Daily Babble: Flash Gritty, Miami Hierarchy Senseless

The impossibility of saying a bad word about Dwyane Wade remains.

That Flash could play has been common knowledge for some time now.  Same goes for his ability to overcome obstacles.  And to carry himself professionally.  And to be everything else one could ask for in a basketball star and human being.

Of course, we knew he could play through pain, too.  From the "Fall down seven times, get up eight" commercials to the obvious agony throughout last season, it was evident that this man was going to do everything in his power to be on the court all the time.

Little did we know just how much effort that entailed.

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In the latest news out of South Beach, ESPN.com reports that Wade's shoulder injury from last season was far more serious than the Heat and their star let on:

"I don't think anybody realizes how bad this was," Riley told reporters in South Florida. "It was a reverse dislocation, which doesn't happen that much. And he had nerve damage."

Now, Wade's playing with soreness from both the shoulder and knee, as well as a bruised right shoulder, an injured shin and a jammed finger. 

"I'm really, really concerned about it -- those are compensation injuries," said Riley, who has tried to limit Wade's minutes. "There have actually been some games when it was actually painful for me to watch him.

"I've just reached a point where I understand this is just how my body is going to feel," Wade said. "It's just how it's going to be, so you just got to toughen up mentally and go forward.

For his part, the man they call Flash remains the consummate professional.  This isn't and has never just been about the money or the endorsements or anything else for him.  For a man who has admitted a desire to go global, when all is said and done, he still loves the game that has given him the stardom, and he has the attitude (and certainly the game) of a true competitor.  Wade is a player, and he wants to play no matter the obstacles.  No complaints, no excuses.  In an era in which complaining and excusing seem to be the orders of the day, Wade deserves all the commendation possible for his outlook.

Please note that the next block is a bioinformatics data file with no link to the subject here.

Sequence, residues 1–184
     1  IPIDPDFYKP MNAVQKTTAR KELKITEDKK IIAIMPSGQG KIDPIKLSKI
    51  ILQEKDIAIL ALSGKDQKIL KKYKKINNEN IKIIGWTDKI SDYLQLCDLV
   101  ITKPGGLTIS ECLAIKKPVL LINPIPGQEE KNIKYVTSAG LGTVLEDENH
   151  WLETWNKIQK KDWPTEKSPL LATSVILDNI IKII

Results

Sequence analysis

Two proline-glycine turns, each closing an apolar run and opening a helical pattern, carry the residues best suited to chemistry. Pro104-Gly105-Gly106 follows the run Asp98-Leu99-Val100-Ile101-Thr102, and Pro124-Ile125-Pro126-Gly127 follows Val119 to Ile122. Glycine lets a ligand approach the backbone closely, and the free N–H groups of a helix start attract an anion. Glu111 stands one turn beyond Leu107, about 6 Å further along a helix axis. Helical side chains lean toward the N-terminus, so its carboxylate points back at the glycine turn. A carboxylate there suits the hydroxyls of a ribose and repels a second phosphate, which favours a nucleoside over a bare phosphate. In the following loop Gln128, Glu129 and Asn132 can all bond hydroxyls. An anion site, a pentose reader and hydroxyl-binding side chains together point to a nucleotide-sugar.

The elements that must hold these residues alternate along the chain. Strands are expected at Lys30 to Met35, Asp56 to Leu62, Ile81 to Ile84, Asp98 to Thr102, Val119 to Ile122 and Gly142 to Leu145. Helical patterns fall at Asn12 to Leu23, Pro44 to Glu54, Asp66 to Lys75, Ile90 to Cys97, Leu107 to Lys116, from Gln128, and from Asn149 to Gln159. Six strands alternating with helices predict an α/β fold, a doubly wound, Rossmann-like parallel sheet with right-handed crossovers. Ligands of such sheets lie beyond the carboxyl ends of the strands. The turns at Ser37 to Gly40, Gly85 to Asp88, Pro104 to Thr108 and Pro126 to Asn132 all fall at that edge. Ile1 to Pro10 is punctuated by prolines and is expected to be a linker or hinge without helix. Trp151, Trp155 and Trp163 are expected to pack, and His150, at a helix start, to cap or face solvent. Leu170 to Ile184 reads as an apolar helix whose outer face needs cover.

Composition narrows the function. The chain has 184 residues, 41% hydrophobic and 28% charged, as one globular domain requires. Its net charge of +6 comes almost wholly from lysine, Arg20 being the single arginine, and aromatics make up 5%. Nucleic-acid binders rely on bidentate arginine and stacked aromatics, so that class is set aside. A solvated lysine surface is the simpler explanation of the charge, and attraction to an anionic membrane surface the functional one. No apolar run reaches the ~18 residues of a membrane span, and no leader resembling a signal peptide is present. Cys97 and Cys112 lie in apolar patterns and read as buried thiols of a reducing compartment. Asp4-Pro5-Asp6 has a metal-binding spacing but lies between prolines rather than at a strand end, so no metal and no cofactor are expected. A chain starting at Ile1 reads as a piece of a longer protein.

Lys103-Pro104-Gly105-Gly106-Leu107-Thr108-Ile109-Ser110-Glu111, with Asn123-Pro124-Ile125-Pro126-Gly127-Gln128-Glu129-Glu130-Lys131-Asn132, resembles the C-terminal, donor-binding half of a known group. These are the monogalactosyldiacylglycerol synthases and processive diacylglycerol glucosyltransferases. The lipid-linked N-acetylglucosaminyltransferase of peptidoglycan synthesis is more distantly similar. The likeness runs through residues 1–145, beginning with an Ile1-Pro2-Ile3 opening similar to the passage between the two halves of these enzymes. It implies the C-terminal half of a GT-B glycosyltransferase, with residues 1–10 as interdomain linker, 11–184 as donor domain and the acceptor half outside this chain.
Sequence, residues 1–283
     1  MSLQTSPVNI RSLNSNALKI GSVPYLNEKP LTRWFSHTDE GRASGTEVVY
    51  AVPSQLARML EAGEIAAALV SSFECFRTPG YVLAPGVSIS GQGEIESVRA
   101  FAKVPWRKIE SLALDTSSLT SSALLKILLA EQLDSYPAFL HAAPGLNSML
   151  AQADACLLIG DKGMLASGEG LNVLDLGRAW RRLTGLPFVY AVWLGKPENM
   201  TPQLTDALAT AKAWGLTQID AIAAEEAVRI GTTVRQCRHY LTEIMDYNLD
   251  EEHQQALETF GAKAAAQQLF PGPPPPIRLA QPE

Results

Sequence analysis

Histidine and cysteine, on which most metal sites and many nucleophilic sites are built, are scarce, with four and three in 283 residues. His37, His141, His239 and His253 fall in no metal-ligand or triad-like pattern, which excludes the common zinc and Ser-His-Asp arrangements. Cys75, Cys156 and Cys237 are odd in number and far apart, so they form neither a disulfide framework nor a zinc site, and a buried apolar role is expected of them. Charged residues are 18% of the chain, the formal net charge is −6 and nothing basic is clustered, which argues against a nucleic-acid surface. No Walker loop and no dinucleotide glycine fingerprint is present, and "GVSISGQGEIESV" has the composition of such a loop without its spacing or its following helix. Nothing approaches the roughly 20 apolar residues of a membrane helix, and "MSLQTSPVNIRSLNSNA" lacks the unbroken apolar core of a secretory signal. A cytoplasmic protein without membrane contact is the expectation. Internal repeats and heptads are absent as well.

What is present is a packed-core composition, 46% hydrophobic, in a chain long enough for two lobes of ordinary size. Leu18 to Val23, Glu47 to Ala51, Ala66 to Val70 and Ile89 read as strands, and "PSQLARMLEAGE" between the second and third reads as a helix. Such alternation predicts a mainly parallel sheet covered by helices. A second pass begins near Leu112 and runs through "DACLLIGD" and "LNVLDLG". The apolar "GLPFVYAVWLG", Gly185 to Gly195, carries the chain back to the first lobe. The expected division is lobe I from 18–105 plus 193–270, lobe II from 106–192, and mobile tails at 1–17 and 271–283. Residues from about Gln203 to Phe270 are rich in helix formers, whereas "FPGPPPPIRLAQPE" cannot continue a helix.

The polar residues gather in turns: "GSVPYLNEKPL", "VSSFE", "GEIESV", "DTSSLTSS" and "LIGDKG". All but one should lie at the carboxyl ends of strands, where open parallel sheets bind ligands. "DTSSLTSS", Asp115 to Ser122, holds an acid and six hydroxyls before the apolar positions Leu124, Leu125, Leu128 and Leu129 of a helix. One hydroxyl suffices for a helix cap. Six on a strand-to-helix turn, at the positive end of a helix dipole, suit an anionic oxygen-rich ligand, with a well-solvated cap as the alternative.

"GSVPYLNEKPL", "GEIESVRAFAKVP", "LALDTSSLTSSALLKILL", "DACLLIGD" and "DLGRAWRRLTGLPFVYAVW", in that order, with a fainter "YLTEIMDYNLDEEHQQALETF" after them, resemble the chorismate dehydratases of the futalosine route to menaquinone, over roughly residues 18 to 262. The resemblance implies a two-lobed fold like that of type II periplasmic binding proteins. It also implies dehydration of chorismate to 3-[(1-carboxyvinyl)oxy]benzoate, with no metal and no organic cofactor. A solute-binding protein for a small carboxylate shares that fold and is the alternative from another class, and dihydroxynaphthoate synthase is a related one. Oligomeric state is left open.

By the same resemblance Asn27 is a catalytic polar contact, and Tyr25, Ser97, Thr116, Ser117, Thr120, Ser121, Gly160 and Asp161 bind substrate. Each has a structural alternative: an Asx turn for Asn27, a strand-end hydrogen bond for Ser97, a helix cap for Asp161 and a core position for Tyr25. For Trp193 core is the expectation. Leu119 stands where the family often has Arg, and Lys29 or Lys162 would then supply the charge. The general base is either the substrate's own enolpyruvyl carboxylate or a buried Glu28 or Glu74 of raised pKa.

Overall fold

Wade is a player to the end, and his job is to come to work to play until told not to for either his own good or for that of his organization.

The job of Pat Riley -- and others in positions of power in Miami -- is to be the one to tell Dwyane Wade no.

As in, "No, Dwyane, no matter how much you love to play, we can't risk the health of our most valuable investment on a team that isn't going anywhere any time soon."

Sure, keeping their star healthy has to be an important part of the Heat's plans, but so must be keeping the $60 million investment's health intact.  While keeping the faith should be a factor in Miami, realism needs to be as well.  It is becoming clearer than ever that this Heat team is going nowhere fast.  And even if they can make a run, not having Wade at full strength will only make it that much tougher to get back to the point they want to be at. 

If Flash is really playing in as much pain as it appears he is, the Heat need to match his will and shut him down until he is ready to go.  Wade's will to play is admirable, and his understanding that there will come a point when he may need to suck up the pain and accept his physical reality and play through it is even more commendable.  But when there is nothing for his team to gain by his playing -- and everything for Wade and Miami to lose courtesy of either an aggravated injury or another compensation injury -- it only makes sense for the man to sit until he feels as close to 100 percent as possible.  Even if he were to sit the rest of this quickly-becoming-lost year, the loss this year will pale in comparison to the risks undertaken by keeping him on the court and in pain for games that are fast beginning to mean very little to the boys in black, red and white.

Dwyane Wade is the model star and someone the Heat should be proud to be building around for the foreseeable future.

Which makes him all the more worth the patience in the present. 

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